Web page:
Nowadays, it’s not unusual for people to seek medical advice from the Internet instead of scheduling a visit with their physician. A plethora of websites offer symptom readers where patients are given a “diagnosis” based upon the symptoms they enter. Although some medical professionals may frown upon the idea, a new medical assessment allows those who fear they have a mental illness a less intimidating way to talk to a doctor.
“What’s my M3” is a free three-minute online and smartphone assessment that tests for depression, anxiety, bipolar disorder and posttraumatic stress disorder. Physicians and psychiatrists encourage patients to monitor their mood often by answering a series of questions related to mental health.
“We want to provide primary care doctors with a tool which will, as best as possible, create the expertise of a psychiatrist,” said Dr. Gerald Hurowitz, M3 Clinician chief medical officer and one of the creators of the assessment. “It makes the primary care doctor much more effective.”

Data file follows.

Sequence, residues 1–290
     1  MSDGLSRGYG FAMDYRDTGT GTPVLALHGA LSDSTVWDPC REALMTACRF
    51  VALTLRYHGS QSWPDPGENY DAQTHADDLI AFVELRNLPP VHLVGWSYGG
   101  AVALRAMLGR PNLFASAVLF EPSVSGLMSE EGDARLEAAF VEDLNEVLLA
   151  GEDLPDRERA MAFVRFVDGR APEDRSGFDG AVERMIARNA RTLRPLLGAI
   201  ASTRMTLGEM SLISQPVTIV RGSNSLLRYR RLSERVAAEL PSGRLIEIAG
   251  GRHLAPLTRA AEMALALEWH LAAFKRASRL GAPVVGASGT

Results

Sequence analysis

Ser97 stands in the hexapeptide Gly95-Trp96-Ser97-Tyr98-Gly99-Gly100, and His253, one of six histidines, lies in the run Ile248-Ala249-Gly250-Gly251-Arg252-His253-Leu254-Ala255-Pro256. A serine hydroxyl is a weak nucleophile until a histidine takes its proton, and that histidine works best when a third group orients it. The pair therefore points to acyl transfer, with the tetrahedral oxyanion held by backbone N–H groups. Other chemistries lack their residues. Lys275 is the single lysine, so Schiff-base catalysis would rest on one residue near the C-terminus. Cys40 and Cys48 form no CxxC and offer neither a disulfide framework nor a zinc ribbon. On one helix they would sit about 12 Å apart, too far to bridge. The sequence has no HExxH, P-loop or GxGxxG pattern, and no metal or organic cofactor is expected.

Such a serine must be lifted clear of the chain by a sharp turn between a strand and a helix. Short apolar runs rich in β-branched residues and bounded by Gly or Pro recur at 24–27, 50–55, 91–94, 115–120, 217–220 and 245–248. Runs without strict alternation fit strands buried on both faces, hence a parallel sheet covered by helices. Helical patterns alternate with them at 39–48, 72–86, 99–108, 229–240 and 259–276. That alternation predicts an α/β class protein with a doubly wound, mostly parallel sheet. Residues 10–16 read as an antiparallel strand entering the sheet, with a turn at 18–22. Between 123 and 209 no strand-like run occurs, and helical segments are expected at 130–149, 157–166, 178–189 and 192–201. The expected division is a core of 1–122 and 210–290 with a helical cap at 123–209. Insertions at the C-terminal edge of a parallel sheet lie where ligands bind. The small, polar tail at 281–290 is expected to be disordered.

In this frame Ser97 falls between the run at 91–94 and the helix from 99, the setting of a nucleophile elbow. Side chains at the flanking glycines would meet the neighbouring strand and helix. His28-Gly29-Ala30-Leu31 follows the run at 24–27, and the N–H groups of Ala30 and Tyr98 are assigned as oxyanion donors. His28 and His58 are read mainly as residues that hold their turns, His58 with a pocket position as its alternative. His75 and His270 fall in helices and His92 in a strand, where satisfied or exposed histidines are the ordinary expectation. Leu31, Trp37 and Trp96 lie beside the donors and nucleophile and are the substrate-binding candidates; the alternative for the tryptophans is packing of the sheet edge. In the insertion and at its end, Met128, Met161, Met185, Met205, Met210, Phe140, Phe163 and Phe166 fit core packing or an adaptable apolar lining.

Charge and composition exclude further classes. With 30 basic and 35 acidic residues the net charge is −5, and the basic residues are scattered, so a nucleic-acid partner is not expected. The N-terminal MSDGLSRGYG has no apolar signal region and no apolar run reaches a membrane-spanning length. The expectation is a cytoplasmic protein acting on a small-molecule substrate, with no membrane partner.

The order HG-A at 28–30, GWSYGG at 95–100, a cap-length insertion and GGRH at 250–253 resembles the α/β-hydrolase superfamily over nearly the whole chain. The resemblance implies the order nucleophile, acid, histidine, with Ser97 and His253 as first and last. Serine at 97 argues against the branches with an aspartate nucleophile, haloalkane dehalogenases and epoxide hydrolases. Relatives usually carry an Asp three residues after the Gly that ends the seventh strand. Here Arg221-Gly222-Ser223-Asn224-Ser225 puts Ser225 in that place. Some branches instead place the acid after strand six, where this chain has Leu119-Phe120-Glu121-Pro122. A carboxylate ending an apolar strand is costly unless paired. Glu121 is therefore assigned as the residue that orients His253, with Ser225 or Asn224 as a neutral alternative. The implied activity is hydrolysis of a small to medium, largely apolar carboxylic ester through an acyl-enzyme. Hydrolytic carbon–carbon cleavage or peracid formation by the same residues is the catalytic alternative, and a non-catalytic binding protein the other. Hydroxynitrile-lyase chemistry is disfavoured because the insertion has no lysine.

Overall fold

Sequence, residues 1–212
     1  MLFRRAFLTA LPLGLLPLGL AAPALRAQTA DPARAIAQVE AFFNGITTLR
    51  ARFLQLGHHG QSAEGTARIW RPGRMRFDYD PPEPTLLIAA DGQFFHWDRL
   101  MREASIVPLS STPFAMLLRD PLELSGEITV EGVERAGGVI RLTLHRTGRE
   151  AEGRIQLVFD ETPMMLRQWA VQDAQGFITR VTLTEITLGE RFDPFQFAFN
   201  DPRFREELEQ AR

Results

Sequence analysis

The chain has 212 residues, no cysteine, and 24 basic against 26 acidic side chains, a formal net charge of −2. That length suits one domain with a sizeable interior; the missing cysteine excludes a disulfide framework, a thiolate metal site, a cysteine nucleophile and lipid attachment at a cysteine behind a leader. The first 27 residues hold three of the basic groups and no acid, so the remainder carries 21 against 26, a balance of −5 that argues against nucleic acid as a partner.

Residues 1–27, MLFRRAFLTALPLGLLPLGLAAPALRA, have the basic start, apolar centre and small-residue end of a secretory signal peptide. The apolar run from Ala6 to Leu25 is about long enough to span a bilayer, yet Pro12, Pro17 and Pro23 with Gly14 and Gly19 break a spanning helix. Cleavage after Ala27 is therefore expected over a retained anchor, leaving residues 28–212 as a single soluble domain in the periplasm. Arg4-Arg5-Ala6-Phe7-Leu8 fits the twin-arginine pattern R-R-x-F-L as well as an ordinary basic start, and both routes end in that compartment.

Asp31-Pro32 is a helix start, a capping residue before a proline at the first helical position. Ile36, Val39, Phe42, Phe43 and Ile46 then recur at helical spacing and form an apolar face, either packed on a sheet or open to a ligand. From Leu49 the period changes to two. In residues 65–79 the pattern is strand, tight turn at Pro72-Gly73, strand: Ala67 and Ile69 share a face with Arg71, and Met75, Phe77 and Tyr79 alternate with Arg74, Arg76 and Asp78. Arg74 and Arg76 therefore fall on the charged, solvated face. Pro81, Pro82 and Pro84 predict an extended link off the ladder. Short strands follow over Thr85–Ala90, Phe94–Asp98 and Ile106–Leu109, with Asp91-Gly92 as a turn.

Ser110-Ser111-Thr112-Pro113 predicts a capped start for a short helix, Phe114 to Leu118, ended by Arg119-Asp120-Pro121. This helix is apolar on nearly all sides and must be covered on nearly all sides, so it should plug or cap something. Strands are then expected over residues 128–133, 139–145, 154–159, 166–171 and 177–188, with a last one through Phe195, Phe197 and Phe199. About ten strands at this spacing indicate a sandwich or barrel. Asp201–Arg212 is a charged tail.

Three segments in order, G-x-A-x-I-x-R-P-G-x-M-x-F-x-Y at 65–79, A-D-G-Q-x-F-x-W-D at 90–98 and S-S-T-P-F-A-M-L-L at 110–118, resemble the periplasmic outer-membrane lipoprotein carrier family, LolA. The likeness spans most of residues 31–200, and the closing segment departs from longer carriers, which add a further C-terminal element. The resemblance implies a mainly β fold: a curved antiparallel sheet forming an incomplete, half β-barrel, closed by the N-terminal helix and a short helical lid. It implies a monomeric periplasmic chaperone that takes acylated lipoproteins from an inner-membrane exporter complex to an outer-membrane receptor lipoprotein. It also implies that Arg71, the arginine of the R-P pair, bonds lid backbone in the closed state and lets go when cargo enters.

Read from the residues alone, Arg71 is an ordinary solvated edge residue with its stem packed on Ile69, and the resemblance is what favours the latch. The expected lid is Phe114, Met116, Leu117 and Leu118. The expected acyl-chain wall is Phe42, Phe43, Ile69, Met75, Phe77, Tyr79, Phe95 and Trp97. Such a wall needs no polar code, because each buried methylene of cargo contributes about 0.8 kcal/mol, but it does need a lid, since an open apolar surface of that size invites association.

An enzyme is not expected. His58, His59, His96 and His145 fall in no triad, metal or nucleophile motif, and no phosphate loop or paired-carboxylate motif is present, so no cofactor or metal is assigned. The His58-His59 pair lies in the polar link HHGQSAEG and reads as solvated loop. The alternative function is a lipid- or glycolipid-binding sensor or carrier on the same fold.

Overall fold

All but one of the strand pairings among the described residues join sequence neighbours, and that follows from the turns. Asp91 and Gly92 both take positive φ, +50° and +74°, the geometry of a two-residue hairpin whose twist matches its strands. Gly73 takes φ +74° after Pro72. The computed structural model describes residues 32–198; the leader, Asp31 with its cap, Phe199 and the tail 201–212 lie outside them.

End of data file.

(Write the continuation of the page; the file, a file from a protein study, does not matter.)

The National Institute of Mental Health said 18.6 percent of African-Americans were diagnosed with a mental health disorder in 2012.
The What’s my M3 assessment gives an overall global score to patients but also provides four sub scores in the categories of depression, anxiety, bipolar disorder and posttraumatic stress disorder. All patients test and submit data completely anonymous.
Dr. Steve Daviss, chair of the department of psychiatry at Baltimore Washington Medical Center and clinical assistant professor in the University of Maryland School of Medicine said the test while accurate, isn’t meant to serve as a diagnosis.
“We compared the scores of 650 primary care patients who have been using M3 to patients using a gold standard clinical diagnostic interview using a research tool and we found the diagnosis of the gold standard interview aligned with our diagnosis 85 percent of the time,” said Daviss. “Patients with scores above 33 are at a higher risk of having a mental illness but we make it clear only mental health experts can diagnose. We are hoping people will take the information to their providers.”
Experts say many patients are misdiagnosed with a mental illness that result in a delay of correct diagnosis, wasted time and money. According to the Centers for Disease Control and Prevention, in 2002, the U.S. spent $300 billion on costs related to researching and treating mental illnesses.
For more information on What’s my M3, visit whatsmym3.com.